Figure 9 Funnel plot of major complications in randomized studies.All studies are inside the funnel plot. 

Figure 10 Funnel plot of minor complications in randomized studies.The heterogeneity between studies was high (Figure 11, Chi2=6.31, DF=1 (p=0.01), I2=84%), which may have been due to the varying characteristics of the studies, times of publication and distributions of the populations as well as other population differences. However, two studies were found to lie inside the funnel plot, demonstrating true heterogeneity. 

Figure 11 Funnel plot of mortality related to procedures in randomized studies.All studies are inside the funnel plot. 

Regarding major complications in the randomized studies, the forest plot demonstrated no significant difference between PEG and SG (risk difference = -0.01, 95% CI (-0.07 to 0.05), Figure 3b). In sensitivity analysis funnel plot of major complications in randomized studies. All studies are inside the funnel plot (Figure 9). Regarding minor complications in the randomized studies, the forest plot showed that PEG was associated with significantly fewer complications compared with SG (risk difference = -0.13, 95% CI (-0.25 to -0.02)). There was great heterogeneity between studies, which may have been due to the varying characteristics of the studies, times of publication and distributions of the populations as well as other population differences (Figure 3c). In the analysis of sensitivity, two studies were found to lie inside the funnel plot, demonstrating true heterogeneity (Figure 10, Supplementary file). Regarding mortality related to the procedures in the randomized studies, there was no significant difference between PEG and SG (risk difference = -0.01, 95% CI (-0.05 to 0.03), Figure 3d).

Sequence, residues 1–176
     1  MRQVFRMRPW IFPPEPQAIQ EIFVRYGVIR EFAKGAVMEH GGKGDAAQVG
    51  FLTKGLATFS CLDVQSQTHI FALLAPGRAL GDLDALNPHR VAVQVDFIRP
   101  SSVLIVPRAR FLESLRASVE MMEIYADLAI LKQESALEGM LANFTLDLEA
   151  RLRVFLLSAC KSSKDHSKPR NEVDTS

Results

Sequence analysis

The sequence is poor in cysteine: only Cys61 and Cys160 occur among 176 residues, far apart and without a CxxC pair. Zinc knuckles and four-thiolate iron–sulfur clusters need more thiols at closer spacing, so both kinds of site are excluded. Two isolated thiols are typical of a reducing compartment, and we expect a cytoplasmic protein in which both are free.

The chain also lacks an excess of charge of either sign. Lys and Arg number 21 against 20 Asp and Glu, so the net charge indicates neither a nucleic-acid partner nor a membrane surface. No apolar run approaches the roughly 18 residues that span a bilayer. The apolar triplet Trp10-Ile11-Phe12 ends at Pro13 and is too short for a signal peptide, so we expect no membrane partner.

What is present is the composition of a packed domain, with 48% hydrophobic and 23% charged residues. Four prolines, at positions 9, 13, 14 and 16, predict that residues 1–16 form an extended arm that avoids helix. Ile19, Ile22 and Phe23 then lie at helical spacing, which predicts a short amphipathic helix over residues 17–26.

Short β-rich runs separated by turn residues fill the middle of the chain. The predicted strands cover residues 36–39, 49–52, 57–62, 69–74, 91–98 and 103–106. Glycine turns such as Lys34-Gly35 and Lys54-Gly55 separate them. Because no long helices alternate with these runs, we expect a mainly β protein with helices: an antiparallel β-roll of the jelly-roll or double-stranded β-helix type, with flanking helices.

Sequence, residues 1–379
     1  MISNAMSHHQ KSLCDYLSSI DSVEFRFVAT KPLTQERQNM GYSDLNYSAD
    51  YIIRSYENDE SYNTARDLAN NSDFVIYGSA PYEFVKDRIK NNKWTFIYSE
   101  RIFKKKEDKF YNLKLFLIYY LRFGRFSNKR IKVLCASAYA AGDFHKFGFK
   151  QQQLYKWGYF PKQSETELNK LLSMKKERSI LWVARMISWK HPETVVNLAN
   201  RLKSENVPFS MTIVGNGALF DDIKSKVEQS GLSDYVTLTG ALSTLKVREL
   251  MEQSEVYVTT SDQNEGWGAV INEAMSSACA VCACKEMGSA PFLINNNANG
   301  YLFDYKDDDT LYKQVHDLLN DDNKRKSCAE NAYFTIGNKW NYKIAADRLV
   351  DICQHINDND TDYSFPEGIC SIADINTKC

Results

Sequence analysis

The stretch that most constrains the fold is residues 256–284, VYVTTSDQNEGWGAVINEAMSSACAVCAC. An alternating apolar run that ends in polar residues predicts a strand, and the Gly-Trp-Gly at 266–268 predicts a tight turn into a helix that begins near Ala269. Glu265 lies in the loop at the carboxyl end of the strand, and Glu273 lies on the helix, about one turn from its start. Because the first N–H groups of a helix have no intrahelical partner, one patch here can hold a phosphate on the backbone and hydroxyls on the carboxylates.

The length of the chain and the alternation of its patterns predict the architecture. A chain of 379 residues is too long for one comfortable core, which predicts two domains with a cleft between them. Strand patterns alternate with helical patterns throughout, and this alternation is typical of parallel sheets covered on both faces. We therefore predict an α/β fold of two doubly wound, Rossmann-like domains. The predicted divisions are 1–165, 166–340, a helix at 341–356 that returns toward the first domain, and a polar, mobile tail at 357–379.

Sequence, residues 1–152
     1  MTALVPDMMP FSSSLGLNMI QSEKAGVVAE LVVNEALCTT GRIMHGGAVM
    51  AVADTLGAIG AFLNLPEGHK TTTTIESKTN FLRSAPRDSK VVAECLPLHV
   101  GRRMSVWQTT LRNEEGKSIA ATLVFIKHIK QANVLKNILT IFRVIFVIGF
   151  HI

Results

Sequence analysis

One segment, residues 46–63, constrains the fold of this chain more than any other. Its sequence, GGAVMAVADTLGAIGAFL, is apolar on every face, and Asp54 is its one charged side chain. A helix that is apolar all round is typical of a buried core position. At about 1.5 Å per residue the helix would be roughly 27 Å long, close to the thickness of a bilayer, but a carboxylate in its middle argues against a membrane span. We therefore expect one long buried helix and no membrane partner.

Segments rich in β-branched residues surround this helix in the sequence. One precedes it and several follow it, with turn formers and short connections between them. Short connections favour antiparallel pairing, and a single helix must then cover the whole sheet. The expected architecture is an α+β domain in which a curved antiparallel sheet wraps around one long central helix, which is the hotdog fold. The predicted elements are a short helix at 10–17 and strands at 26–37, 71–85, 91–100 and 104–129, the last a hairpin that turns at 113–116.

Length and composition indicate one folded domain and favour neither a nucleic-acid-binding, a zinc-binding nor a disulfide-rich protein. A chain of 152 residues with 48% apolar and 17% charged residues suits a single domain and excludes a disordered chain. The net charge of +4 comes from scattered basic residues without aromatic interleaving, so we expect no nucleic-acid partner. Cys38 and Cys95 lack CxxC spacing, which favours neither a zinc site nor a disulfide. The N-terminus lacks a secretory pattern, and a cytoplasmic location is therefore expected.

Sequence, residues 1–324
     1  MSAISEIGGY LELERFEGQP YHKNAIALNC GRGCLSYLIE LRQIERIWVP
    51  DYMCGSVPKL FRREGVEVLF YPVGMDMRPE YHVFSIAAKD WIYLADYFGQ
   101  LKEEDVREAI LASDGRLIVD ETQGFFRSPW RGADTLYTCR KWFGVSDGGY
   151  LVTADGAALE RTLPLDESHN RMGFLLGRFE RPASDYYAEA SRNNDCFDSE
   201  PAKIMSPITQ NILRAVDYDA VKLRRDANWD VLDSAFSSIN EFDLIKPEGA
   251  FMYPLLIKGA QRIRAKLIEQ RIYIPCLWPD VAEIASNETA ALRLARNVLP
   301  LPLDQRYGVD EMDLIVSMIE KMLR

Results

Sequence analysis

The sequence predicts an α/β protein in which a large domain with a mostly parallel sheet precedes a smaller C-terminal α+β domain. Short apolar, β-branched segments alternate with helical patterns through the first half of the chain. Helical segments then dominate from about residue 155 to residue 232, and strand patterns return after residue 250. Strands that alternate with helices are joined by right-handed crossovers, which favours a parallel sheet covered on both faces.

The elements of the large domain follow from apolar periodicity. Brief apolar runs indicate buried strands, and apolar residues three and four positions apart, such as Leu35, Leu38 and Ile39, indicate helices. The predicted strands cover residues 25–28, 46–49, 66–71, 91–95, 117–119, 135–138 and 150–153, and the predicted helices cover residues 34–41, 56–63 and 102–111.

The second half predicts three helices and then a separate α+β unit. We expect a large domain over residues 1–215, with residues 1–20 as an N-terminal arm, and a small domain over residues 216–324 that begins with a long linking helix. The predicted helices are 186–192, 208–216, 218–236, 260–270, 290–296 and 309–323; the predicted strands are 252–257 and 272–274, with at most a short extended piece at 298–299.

DISCUSSION

The aim of the present systematic review and meta-analysis was to compare the complications and mortality directly related to PEG and SG. Seven studies were included, namely, two prospective randomized studies and five retrospective studies and these were evaluated differently, given that there are few published randomized studies comparing the two techniques. The review demonstrates, via separate analyses of the randomized trials, that endoscopic gastrostomy has a low rate of minor complications compared with SG. In contrast, the retrospective studies exhibited no significant differences.